LISTEN: On the Tuesday, Sept. 19 edition of Georgia Today: An Atlanta congressman leads the charge to limit the terms of U.S. Supreme Court justices; the Georgia Department of Revenue loses a bid to tax the revenue of coin-operated games; And how can state zoning laws be changed to help with the state's housing shortage?

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Peter Biello: Welcome to the Georgia Today podcast from GPB News. Today is Tuesday, Sept. 19. I'm Peter Biello. On today's episode, an Atlanta congressman leads the charge to limit the terms of U.S. Supreme Court justices. The Georgia Department of Revenue loses a bid to tax the revenue of coin-operated games. And how can zoning laws be changed to help with the state's housing shortage? These stories and more are coming up on this edition of Georgia Today.


David Shafer

David Shafer

Credit: David Shafer

Story 1:

Peter Biello: A federal court in Atlanta is scheduled to hear arguments tomorrow from three Georgia Republicans who falsely claimed to be the state's presidential electors. GPB's Stephen Fowler reports they want to move their criminal charges from state court to federal court.

Stephen Fowler: Former Georgia GOP Chair David Shafer, State Sen. Shawn Still and former Coffee County GOP chair Cathy Latham are the only Georgia alternate electors facing charges in the 2020 election interference racketeering case. They are arguing that they were acting as federal officials when they signed documents falsely claiming they were official electors and as such should have their cases heard in federal court. Prosecutors have called that argument, quote, far-fetched factual premise and a strained legal theory that they weren't federal officials and there's no justification to move the case. The trio of alternate electors have filed documents waiving the right to appear at the hearing, making their longshot request even less likely to happen. For GPB News, I'm Stephen Fowler.


Story 2:

Peter Biello: Authorities in metro Atlanta's Henry County are charging three officials at an animal rescue center with animal cruelty. The president of the sanctuary, Noah's Ark, was among those charged. State Sen. Emanuel Jones says its problems started with a change of management.

Emanuel Jones: Skilled and long term employees that have left. Veterinarians were laid off. I mean, the list goes on and on and on, like not feeding the animals, not repairing the enclosure and allowing animals, big game animals, to escape.

Peter Biello: Noah's Ark denies the charges and says they're an attempt by former staff members to distract from its mission. The rescue center was a family destination in the area until it closed last year after an avian flu outbreak.


Story 3:

Peter Biello: Atlanta-area congressman Hank Johnson is leading a Democratic charge in the U.S. House to limit the terms of U.S. Supreme Court justices. Johnson today introduced legislation after public polls show a decline in public confidence in the court, linked to its decision last year striking down federal abortion rights and questions over judicial ethics. The measure is unlikely to pass in the Republican-controlled House.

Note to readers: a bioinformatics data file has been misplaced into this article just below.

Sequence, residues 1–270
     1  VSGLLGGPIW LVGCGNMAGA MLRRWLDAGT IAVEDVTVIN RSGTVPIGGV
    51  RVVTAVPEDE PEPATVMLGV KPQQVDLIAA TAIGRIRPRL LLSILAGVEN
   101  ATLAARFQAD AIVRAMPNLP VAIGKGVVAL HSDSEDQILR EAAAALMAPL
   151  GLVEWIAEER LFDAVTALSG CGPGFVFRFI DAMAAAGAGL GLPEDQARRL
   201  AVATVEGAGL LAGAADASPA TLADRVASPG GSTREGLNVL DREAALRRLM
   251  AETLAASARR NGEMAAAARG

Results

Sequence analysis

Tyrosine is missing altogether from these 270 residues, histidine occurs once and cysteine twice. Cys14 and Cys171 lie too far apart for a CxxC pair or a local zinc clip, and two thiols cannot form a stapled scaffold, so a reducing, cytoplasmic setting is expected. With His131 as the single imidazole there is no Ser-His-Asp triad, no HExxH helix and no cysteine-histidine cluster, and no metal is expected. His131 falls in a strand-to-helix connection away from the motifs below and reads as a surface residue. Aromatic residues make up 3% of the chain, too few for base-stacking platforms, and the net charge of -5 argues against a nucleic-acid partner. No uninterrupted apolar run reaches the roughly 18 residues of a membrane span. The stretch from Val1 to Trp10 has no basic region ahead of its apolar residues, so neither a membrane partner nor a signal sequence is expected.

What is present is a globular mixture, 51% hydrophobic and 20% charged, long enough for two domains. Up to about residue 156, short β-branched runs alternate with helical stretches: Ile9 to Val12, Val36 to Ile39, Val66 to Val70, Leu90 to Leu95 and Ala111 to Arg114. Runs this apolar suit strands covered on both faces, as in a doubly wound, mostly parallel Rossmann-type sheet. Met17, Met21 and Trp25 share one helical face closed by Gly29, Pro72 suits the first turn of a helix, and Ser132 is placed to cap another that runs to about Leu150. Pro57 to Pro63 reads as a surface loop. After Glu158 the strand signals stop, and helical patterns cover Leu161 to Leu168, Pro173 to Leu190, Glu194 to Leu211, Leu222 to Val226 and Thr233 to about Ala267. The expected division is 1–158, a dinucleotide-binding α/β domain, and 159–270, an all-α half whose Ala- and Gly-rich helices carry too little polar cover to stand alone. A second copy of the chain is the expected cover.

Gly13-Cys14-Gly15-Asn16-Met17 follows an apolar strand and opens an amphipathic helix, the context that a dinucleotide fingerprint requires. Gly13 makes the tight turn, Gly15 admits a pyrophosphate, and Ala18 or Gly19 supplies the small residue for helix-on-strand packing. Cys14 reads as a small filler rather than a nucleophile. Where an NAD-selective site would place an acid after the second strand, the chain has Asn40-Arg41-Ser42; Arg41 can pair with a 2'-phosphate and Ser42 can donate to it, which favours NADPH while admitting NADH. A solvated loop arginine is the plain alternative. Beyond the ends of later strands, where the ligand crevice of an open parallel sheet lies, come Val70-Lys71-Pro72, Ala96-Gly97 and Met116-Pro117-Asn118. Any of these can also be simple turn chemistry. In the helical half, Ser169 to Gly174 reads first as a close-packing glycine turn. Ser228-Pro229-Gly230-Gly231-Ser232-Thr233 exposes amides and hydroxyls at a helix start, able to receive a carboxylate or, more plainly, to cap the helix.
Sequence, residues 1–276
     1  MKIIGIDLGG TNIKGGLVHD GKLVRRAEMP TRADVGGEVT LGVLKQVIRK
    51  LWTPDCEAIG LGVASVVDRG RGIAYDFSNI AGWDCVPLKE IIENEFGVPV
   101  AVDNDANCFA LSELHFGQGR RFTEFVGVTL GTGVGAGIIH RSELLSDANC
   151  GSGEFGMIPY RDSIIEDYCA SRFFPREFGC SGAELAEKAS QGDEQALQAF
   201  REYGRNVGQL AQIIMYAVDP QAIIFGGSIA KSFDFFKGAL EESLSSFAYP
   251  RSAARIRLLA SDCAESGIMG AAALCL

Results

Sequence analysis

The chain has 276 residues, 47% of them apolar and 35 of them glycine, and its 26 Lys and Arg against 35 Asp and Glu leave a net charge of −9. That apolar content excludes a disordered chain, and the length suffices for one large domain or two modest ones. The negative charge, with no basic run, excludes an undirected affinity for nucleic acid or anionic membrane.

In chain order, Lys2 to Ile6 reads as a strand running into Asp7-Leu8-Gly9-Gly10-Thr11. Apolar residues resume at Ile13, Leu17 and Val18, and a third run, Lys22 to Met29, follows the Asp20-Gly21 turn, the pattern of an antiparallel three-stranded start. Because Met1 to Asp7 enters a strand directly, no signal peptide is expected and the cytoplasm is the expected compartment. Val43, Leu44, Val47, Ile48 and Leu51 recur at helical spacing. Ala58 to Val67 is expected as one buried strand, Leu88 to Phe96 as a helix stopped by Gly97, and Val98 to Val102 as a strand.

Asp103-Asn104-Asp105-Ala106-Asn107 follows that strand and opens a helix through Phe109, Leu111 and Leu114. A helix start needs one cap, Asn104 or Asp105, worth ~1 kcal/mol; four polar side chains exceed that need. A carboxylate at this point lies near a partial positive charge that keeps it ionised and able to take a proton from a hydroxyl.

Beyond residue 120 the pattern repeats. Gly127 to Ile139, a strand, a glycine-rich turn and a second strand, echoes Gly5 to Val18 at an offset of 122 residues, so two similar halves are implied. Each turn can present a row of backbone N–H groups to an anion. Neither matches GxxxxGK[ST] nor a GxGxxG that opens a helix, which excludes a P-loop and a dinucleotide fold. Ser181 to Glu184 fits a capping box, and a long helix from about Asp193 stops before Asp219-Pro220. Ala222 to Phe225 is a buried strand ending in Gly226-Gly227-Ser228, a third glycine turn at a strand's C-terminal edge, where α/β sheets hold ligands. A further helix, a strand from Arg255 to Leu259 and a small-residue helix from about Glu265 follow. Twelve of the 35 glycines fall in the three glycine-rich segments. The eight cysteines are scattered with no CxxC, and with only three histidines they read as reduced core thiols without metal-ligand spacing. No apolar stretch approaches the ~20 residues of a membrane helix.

Story 4:

Peter Biello: Atlanta City Council has directed its clerk to scan and release copies of petitions calling for a referendum on a planned public safety training center. The vote yesterday came even as the proposed referendum remains stuck in legal limbo. The city is waiting on a court decision over whether the petitions had been turned in on time. Project opponents hope releasing the signatures will pressure the city to stop fighting the referendum, which Atlanta Mayor Andre Dickens has called futile and invalid.


Story 5:

Peter Biello: A consulting firm, is recommending that a historic public housing project in Savannah be rebuilt rather than repaired. GPB's Benjamin Payne reports.

Benjamin Payne: Yamacraw Village is among the nation's oldest federally funded housing projects, having been built in 1941 as a segregated complex for African Americans. Since then, decades of deferred maintenance at its 300-plus units have led to unsafe living conditions: mold, asbestos, broken windows and cracked foundations, among other dangers. Now a new assessment of Yamacraw Village puts a price tag on needed improvements at $51 million. But rather than repair, the consultants who did the assessment are recommending the complex be demolished and rebuilt. The housing authority of Savannah is in the process of seeking federal approval to do just that. However, some residents are concerned about being priced out or otherwise displaced by any new development, especially given Yamacraw's close proximity to downtown. For GPB News, I'm Benjamin Payne in Savannah.

Story 6:

Peter Biello: The Georgia Department of Revenue has lost a legal bid to tax the revenue generated from the leasing of coin-operated amusement machines. The state Supreme Court today unanimously upheld a lower court ruling that declared gross revenue from the machines tax-exempt. The decision came in a case brought by a company that operates an arcade in Gwinnett County, and involves an ambiguous state law. State lawmakers take up bills almost every year to address coin-operated games, an industry plagued by illegal cash payouts to winners.


Story 7:

Peter Biello: Georgia lawmakers are looking for better ways to help the state's cities and counties divvy up services like police and fire protection, road construction, water and sewer systems and garbage collection. GPB's Devon Zwald has more.